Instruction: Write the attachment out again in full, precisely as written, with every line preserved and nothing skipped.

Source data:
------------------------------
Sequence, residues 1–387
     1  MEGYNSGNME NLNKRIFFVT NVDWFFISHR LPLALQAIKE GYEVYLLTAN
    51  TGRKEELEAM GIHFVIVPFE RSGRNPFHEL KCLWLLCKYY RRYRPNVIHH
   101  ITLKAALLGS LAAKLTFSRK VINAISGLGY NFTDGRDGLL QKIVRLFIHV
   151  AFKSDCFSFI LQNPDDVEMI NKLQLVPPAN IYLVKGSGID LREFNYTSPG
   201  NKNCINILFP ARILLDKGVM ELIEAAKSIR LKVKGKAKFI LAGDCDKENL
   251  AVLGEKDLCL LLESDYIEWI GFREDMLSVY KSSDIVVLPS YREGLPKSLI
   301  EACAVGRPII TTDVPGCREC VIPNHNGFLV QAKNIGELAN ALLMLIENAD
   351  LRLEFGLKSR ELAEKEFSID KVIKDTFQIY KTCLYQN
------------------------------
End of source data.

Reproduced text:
Sequence, residues 1–387
     1  MEGYNSGNME NLNKRIFFVT NVDWFFISHR LPLALQAIKE GYEVYLLTAN
    51  TGRKEELEAM GIHFVIVPFE RSGRNPFHEL KCLWLLCKYY RRYRPNVIHH
   101  ITLKAALLGS LAAKLTFSRK VINAISGLGY NFTDGRDGLL QKIVRLFIHV
   151  AFKSDCFSFI LQNPDDVEMI NKLQLVPPAN IYLVKGSGID LREFNYTSPG
   201  NKNCINILFP ARILLDKGVM ELIEAAKSIR LKVKGKAKFI LAGDCDKENL
   251  AVLGEKDLCL LLESDYIEWI GFREDMLSVY KSSDIVVLPS YREGLPKSLI
   301  EACAVGRPII TTDVPGCREC VIPNHNGFLV QAKNIGELAN ALLMLIENAD
   351  LRLEFGLKSR ELAEKEFSID KVIKDTFQIY KTCLYQN